The Young to the Younger! A Concert by the Most Talented Young Artists
27 April 2019, 7 p.m.
The Fryderyk Chopin University of Music, Concert Hall
Maciej Prokopowicz | trombone
Michał Balas | cello
Rafał Łukasik | basson
Antoni Dąbrowski | basson
Jerzy Semkow Polish Sinfonia Iuventus Orchestra
Marek Wroniszewski | conductor
Michał Spisak Concerto for Basson and Orchestra
Antonín Dvořák Concerto in B Minor for Cello and Orchestra Op. 104
A. Mozart Concerto in B-Flat Major for Basson and Orchestra KV 191
Henri Tomasi Concerto for Trombone and Orchestra
The concert will feature young students of secondary music schools with a lot of success at prestigious contests. The opportunity to perform with a fully professional – but also still young – orchestra, composed of tertiary music school graduates, is a token of recognition of the students’ talent and hard work, but also a touchstone of their skills.
It is certainly worthwhile to come to this concert and support the most talented students – who will presumably quite soon be esteemed virtuosos, sought-after on Polish and international stages! A very attractive and versatile programme is an additional incentive. There are two basson concertos on the programme – Mozart’s classical piece, written at the age of eighteen, is the first of a number of his concertos composed for wind instruments and still the most often performed bassoon concerto of all.
Michał Spisak’s piece of 1944 – classicising, graceful and humorous – is an evergreen favourite with Polish bassonists. The composer, slightly forgotten nowadays, belonged to a large group of Polish pupils of the famous Nadia Boulanger, and the love for France which he developed during his studies eventually made him choose it as his country of residence. Trombone has a very long tradition, and since the Middle Ages and the Renaissance it has been most often combined with vocal voices on account of its melodiousness and chromatic playing ability (which natural trumpets and horns of the early period could not provide). Its introduction into the orchestra came late, and it has not been assigned strictly soloist roles very often ever since.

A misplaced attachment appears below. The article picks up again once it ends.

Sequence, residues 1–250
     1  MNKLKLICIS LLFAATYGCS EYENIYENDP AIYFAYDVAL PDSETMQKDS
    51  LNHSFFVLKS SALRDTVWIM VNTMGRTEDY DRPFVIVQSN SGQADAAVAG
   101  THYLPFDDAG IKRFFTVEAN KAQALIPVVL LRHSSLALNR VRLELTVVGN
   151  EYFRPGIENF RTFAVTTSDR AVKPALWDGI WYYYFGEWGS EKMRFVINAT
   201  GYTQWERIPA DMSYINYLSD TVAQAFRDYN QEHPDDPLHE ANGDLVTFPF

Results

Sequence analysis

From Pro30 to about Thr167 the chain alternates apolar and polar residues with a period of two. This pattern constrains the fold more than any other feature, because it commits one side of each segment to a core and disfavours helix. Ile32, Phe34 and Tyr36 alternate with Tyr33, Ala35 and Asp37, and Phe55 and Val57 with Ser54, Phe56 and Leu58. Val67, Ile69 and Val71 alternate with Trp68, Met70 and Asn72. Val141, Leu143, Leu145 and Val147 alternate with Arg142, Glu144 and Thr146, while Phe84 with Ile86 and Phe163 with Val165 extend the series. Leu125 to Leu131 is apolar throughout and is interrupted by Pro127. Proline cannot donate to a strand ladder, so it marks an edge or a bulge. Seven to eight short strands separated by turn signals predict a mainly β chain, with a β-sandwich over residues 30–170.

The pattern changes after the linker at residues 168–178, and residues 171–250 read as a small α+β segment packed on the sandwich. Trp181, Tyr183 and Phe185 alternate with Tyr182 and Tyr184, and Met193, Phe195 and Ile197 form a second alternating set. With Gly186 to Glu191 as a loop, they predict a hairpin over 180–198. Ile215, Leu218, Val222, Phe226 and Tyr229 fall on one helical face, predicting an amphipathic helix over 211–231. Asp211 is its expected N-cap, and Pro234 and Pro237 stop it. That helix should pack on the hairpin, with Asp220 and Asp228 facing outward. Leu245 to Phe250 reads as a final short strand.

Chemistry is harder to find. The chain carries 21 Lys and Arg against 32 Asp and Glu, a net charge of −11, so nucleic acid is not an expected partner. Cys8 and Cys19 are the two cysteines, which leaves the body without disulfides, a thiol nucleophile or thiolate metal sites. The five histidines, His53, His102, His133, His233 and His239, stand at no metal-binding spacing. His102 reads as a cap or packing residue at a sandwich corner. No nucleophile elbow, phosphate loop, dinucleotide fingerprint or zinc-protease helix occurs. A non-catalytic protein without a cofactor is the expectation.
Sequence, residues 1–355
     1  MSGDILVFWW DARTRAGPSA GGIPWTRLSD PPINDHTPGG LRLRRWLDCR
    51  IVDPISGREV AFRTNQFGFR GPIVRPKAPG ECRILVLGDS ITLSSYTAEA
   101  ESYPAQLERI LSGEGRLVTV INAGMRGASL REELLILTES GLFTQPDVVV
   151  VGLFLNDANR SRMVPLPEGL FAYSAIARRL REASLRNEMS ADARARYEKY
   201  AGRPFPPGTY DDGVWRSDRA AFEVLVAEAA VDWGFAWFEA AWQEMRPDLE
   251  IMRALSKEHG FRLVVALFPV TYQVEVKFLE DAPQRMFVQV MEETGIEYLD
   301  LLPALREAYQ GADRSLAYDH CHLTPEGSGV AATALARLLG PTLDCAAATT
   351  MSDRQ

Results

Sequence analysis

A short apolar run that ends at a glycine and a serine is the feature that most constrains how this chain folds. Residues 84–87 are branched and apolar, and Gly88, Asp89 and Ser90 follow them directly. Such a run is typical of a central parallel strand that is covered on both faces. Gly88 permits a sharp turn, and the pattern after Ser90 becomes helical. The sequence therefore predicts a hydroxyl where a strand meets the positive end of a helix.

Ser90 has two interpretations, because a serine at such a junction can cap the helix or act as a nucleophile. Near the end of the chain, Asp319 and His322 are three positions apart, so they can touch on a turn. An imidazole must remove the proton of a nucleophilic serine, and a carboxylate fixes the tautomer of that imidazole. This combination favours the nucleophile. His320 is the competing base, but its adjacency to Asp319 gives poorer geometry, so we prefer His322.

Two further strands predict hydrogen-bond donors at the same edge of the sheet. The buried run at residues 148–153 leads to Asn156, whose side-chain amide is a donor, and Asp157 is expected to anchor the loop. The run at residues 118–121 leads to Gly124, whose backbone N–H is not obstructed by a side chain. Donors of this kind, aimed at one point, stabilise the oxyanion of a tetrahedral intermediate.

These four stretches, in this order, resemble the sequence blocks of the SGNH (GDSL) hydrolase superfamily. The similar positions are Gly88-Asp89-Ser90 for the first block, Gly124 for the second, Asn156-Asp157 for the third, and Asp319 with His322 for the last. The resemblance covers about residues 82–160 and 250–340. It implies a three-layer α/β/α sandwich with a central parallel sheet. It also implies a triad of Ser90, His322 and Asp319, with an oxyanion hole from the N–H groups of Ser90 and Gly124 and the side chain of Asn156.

The French composer Henri Tomasi dedicated to the trombone what is nowadays one of the best known concertos, giving due weight to its enormous spectrum of expression, its ability to exhibit a lyrical cantilena, which is particularly visible in the concerto’s oneiric first movement and in the subtle nocturne in the second link, but also its virtuoso potential present (even if not in the foreground) in the tambourine dance in the concerto’s animated finale, inspired by the Baroque suites.
The final piece is the jewel of late-Romantic cello music, and at the same time the last soloist concerto by Antonín Dvořák – who needed a lot of encouragement, inter alia, from his friend Hanuš Wihan, to overcome his initial doubts whether the subtle sound of a cello was the right choice for writing a concerto. What eventually convinced him about the instrument’s immense inherent potential was his visit to the USA, where he had a chance to listen to the country’s virtuosos – this was also where he wrote his Concerto in B Minor, which had its highly successful world premiere in London in 1896. Since then, his piece has been a fixed element of the worldwide repertoire and one of the most often recorded cello concertos.
The concert will be conducted by Marek Wroniszewski, a talented young-generation conductor, recognised as the best Polish participant of the 10th Grzegorz Fitelberg International Competition in Katowice in 2017, presently working as the Deputy Director of the Jerzy Semkow Polish Sinfonia Iuventus Orchestra.
By Piotr Maculewicz